|Release Date: 2019||Players: 2-6|
|Designer: Bill Eberle, Jack Kittredge, Peter Olotka||Length: 60-120 minutes|
|Artist: Ilya Baranovsky||Age: 14+|
|Publisher: Gale Force Nine||Complexity: 4.0 / 5|
Our heighliner was positioned safely in Arrakis‘ orbit. With a steady stream of Spice filling our coffers gradually, we had to be patient and observe from afar the goings-on down on the planet itself. It was clear that House Atreides was pivotal in the unfolding events and our scheme had to remain hidden until the right moment was reached. The cogs were set in motion and doubts had been planted in the Emperor‘s mind that would lead to their unavoidable conclusion. The Spice needs to flow on Dune by Gale Force Nine.
Yes, this is the re-implementation of the original Dune from 1979, which in turn is based on the books by Frank Herbert. I don’t know how much the new release has inherited from its forty-year-old parent, but even though it feels like an older game in some areas, it still works really well and has captured my imagination.
I have been looking for a game like this for a while. Dune ticks a lot of boxes for me: it has a well-known and immersive theme, it features hidden information which leads to bluffing and plenty of table talk, there is constant player interaction as the different factions fight for area control and the all-important Spice, which is tempered by the ability to form alliances, while everyone tries to reach their own, asymmetric goals. It feels so amazing to talk other players into taking certain actions or even forcing their hand by not blocking other players from winning, but leaving it up to them to occupy the relevant regions.
If you’re a fan of Dune, and even if you’re not, you will find all the factions faithfully represented in the game. You will also recognize the names of a number of important places on the planet of Arrakis, or Dune, as it is more commonly known, all of which allows you to re-enact the story told by the books, if you’re familiar with them, or the film, which most people are likely to know. In fact, during the game you rewrite the story as you try to lead your faction to victory.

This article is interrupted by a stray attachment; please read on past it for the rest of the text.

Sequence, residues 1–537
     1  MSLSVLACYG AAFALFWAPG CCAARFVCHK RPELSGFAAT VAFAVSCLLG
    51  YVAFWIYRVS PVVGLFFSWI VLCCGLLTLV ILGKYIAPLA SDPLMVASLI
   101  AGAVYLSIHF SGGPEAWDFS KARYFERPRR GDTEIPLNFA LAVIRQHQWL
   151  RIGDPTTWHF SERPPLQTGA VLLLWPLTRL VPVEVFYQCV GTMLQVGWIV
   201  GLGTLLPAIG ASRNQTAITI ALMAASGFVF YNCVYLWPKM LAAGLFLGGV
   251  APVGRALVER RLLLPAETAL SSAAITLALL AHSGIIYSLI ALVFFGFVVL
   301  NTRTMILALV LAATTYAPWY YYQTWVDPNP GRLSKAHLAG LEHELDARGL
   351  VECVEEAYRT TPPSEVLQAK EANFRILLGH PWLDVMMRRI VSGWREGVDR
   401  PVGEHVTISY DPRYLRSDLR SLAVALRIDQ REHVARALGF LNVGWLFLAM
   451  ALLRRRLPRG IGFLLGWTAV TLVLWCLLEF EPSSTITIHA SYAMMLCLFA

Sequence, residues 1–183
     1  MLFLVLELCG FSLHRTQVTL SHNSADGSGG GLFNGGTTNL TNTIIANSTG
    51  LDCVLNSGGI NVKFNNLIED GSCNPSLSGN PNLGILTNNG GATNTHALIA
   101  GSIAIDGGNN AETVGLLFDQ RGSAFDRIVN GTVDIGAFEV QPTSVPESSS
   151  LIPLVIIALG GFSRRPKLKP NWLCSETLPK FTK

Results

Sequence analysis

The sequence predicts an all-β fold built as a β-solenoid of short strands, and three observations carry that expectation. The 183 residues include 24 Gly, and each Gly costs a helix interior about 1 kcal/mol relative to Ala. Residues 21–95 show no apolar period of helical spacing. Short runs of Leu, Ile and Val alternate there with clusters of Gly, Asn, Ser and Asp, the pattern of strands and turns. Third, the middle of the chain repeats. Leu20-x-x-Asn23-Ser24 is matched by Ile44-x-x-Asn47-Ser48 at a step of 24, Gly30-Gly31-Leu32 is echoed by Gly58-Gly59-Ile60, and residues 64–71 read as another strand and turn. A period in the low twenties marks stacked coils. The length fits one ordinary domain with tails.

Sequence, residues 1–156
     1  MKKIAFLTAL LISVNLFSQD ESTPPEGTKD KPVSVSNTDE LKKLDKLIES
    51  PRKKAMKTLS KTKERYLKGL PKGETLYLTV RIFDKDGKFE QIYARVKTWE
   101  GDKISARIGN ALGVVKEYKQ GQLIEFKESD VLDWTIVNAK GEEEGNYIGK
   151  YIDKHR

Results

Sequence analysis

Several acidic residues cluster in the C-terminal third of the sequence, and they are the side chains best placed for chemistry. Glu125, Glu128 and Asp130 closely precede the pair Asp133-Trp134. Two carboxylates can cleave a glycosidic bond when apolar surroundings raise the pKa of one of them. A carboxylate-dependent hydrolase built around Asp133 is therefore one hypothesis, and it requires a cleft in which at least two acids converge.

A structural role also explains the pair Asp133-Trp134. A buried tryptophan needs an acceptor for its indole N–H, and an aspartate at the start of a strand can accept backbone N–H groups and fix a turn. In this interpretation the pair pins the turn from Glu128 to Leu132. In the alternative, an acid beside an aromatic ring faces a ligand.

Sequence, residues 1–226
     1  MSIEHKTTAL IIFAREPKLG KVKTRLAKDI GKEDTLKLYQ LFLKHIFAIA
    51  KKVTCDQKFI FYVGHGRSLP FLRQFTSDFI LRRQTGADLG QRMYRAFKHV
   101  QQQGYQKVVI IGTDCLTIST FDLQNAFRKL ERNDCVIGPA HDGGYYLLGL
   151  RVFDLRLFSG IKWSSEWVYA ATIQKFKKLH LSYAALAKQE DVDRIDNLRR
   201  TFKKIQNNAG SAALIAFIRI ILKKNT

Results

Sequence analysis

The scheming that is a strong part of the story of Dune is wonderfully represented by the ability to form alliances at certain times during gameplay, as well as the continuous table talk where you try and direct other players’ focus away from your plans and towards interfering with your opponents. The asymmetric abilities are closely based on the factions from the fictitious world of Dune, with the Spacing Guild benefiting from other players deploying their troops on the planet, the Fremen having better insights into the workings of the weather and the Worms on Dune, and so on.
In fact, everything you do in the game immerses you deeper and deeper into the world that Frank Herbert created. You will feel a strong urge to get out your smartphone and play the film music in the background and want to hunker down under the table when the storm circles the planet and threatens to wipe out everything in its path.